Lesbian Speed Date from Hell is a true horror comedy. Following a successful run at the Mainline Theatre as part of Off- JFL/Zoofest, it’s back as part of Montreal Pride’s official programming. Presented by Pride along with Christina Saliba, the show is funny and scary, and for abuse survivors, it can be triggering.

The play revolves around Jackie (Katharine King So), a young lesbian who is grudgingly attending a speed dating event hosted by her friend and neighbor Regina (Kathy Slamen). Regina is your typical lesbian cougar. In case you had any doubts, Slamen’s costumes consist of mostly of leopard print, and her portrayal is a hilarious mix of sassy, maternal, and raunchy.

At the event, Jackie meets Amy (Martha Graham), an awkward blonde, Natalie (Alexandra Laferriere), a beautiful black lesbian jonesing for Regina, Kyle (Jeroem Lindeman), a stereotypical dudebro and Ashley (Kate Hammer), a former one-night stand of Jackie’s with a big grudge.

What follows is a display of awkward conversations, hilarious facial expressions, and uncomfortable torture scenes.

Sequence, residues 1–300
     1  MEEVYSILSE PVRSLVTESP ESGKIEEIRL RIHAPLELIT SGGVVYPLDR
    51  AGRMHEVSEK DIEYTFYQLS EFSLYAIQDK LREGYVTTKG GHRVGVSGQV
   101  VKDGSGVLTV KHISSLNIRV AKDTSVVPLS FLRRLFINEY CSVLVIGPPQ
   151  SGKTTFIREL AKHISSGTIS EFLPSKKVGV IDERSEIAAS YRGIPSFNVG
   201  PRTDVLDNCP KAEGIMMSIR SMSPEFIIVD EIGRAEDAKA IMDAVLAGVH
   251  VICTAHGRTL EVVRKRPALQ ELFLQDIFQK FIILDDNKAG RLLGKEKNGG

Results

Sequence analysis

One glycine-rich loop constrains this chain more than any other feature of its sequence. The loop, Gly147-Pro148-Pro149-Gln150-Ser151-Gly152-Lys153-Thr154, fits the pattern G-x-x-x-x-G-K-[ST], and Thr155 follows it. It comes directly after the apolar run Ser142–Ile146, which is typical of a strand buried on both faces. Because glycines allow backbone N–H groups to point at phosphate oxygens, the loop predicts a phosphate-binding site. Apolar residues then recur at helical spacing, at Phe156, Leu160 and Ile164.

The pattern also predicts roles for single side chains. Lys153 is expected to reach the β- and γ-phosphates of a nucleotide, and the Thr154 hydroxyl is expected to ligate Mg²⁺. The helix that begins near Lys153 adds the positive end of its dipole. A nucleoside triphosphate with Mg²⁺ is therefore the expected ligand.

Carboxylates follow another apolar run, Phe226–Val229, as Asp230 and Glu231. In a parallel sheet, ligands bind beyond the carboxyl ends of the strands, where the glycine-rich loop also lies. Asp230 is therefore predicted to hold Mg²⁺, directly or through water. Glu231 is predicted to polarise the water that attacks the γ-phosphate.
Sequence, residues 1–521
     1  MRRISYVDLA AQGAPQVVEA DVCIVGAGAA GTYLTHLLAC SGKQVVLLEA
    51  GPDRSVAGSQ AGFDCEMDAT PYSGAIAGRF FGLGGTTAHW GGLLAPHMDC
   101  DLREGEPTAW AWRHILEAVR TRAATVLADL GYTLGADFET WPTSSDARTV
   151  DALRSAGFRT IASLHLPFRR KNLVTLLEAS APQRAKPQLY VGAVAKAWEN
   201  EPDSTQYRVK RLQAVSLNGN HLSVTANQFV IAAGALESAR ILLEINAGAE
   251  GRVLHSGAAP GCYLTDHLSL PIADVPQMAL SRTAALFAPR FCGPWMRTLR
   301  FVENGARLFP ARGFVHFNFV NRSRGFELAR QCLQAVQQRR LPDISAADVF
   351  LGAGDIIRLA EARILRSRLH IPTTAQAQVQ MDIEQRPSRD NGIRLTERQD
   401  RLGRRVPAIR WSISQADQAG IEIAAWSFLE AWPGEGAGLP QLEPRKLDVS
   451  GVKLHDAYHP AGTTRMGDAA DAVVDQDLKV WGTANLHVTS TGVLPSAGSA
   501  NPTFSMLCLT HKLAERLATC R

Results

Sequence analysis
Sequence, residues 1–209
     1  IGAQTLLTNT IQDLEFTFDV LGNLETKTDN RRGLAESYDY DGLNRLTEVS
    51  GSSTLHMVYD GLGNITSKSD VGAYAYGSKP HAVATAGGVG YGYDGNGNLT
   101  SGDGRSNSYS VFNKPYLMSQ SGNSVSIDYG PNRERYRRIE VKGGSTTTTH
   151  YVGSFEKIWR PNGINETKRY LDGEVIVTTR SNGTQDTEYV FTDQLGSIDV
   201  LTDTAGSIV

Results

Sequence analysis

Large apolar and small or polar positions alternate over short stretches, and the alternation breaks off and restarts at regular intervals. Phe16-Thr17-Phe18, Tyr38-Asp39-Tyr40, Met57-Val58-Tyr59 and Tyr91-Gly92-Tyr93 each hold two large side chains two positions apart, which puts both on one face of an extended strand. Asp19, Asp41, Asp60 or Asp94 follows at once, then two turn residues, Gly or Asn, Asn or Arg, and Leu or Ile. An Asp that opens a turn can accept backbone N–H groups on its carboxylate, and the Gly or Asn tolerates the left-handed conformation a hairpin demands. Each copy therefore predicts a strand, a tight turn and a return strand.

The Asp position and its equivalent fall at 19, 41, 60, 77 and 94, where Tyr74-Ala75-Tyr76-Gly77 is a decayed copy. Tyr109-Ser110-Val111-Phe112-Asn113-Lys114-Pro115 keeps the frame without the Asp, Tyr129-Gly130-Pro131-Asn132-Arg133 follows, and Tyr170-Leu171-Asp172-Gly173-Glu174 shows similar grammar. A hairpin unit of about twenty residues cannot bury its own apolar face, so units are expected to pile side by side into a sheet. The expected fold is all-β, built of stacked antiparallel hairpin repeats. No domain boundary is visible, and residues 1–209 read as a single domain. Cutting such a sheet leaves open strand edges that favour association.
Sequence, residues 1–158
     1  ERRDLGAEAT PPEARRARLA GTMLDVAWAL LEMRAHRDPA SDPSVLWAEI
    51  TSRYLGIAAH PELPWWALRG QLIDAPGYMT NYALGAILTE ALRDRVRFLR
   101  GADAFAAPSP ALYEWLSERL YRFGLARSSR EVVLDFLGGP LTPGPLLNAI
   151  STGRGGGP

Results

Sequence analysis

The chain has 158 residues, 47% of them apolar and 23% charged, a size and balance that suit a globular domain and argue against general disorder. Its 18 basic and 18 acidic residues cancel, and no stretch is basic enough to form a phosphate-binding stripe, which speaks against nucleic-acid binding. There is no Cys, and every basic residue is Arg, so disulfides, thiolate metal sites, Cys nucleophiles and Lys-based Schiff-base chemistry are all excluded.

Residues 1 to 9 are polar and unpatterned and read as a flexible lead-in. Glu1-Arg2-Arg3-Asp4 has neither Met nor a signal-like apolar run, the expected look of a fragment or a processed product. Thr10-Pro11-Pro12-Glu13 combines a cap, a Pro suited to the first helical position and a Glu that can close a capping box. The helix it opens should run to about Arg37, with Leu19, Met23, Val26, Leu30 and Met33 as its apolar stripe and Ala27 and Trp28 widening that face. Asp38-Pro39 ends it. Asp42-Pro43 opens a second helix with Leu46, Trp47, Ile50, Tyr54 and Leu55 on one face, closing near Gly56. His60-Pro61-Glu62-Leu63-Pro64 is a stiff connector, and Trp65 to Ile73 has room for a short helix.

Hammer’s portrayal of Ashley is at once horrific and riveting. All the time she’s on stage you never doubt her anger, her malice, or her psychosis. Her madness is believable yet just over the top enough to keep the play from being too real.

King So’s Jackie is a perfect foil for Ashley’s crazy. Her screams are bone-chillingly realistic and her fear and outrage appropriate.

Survivors of abuse will likely find the interaction between Jackie and Ashley uncomfortably triggering as there is blood and violence and accurate portrayals of pain. But there is enough humour in the play to balance it out.

The fight choreography is hilariously done in slow motion and with more courtesy than one would expect in a struggle between a psychotic murderer and a desperate victim. There are murder mystery clichés like the strategic use of on and off lighting, and Jeroen Lindeman’s Kyle is amusingly obnoxious and a reminder of why our culture needs more feminist entertainment like this.

That said, if you’re an abuse survivor go in prepared to be a little uncomfortable and reassure yourself that with the horror comes plenty to laugh about. For everyone else, be prepared to laugh, cry, and gasp in horror.

It’s an emotional rollercoaster of a show, but it’s worth it.